After an antipasto, the first dish is served. Italians usually refer to this dish as the primi, which means “first,” or minestra, which is simply soup. A traditional primi can be a soup, a risotto, or some type of pasta with sauce or broth. Despite which dish is served first, it’s always served in a bowl rather than a plate and comes before the meat dish. After the first course comes the second, or secondi.
However, in Italian culture, the course system is a way for the diner to enjoy the first course and then decide what the best choice would be for the second course as a follow-up. The second course is always the meat – beef, pork, or poultry – course. Vegetables are also usually served as a side.
After the secondi has been finished and the dishes cleared away, a salad is served. The meal usually ends with a dessert of some kind. Italians refer to this as a dolci. Another, slightly healthier, option for dessert is fresh fruit.
Take the following as an example of a traditional, full-course Italian meal created by Marcella Hazan.: The theme is fish. The antipasto for this meal is a dish of boiled shrimp, seasoned with olive oil, parsley, and lemon juice, served warm.
After that comes the primi, in this case, a squid and clam risotto to add some peppery flair. The secondi dish is a turbot seasoned with garlic and cooked with potatoes.
The salad for this meal is radicchio and field greens; the slightly bitter taste of the radicchio serves as a palate cleanser before the dessert, which is a simple dish of fresh fruit that has been sliced and is served in wine.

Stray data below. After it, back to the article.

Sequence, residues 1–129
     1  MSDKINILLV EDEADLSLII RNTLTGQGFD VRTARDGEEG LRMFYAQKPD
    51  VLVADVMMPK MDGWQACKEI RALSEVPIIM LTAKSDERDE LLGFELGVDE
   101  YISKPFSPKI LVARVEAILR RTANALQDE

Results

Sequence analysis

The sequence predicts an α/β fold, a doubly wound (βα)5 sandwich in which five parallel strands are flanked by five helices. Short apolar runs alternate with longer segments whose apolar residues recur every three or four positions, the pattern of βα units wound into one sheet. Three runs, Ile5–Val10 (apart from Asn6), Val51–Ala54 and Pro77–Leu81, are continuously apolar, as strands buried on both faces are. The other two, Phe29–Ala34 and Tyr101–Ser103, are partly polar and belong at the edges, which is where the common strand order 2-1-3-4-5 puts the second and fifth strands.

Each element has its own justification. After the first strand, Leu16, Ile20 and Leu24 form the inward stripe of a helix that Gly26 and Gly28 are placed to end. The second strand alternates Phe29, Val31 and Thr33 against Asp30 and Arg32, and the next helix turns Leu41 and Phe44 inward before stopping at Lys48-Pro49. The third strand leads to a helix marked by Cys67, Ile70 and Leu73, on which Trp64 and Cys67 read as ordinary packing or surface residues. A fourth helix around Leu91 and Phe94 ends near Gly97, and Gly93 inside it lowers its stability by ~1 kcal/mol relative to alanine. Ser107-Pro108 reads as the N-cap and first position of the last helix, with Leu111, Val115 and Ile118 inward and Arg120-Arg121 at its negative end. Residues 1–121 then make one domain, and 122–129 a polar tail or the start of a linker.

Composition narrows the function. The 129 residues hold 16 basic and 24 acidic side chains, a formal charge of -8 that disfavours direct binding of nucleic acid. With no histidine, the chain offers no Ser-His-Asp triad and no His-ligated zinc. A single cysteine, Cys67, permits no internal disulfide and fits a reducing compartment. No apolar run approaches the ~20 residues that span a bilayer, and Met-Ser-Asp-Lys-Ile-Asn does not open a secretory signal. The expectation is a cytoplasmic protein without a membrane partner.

For more on classic Italian cooking, dip into Essentials of Classic Italian Cooking, by Marcella Hazan. (Knopf: 1993) See esp. pp.649-665.
Some Italian Dishes
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A list of Italian dishes that make up an important part of the Italian cuisine repertoire.
Saffron-colored zucchini blossoms are served deep-fried, sometimes filled with ricotta and herbs before frying.
A round omelet, a frittata is thicker than its French cousin and often has the ingredients — such as artichokes or asparagus — mixed into the eggs instead of nestled between folded halves. Frittatas are often sliced and served cold as an appetizer.
This is a Florentine bread salad, in which stale Tuscan bread is soaked in water with tomatoes and onions. The bread is then wrung out, and tossed with tomatoes, onion, basil, and olive oil.
Day-old polenta is a wonderful antipasto when sliced, deep-fried, and salted.
Suppli al Telefona
This is a deep-fried rice croquette with a mozzarella filling. When you bite into it, the hot cheese stretching down from your chin resembles the cord of a telephone.
Pappa al Pomodoro
This lovely and simple bread and tomato soup works only when the bread is excellent, the tomatoes red and ripe, and the olive oil top-notch. These elements carry the soup’s flavor, aided only by a bit of chicken stock, garlic, and basil.
Ravioli Nudi di Pesce
These “naked fish” ravioli are essentially a filling without a pasta pillow-case to surround them. Raw fish is ground and bound with egg yolks and flour. The mixture is rolled into balls that are then poached.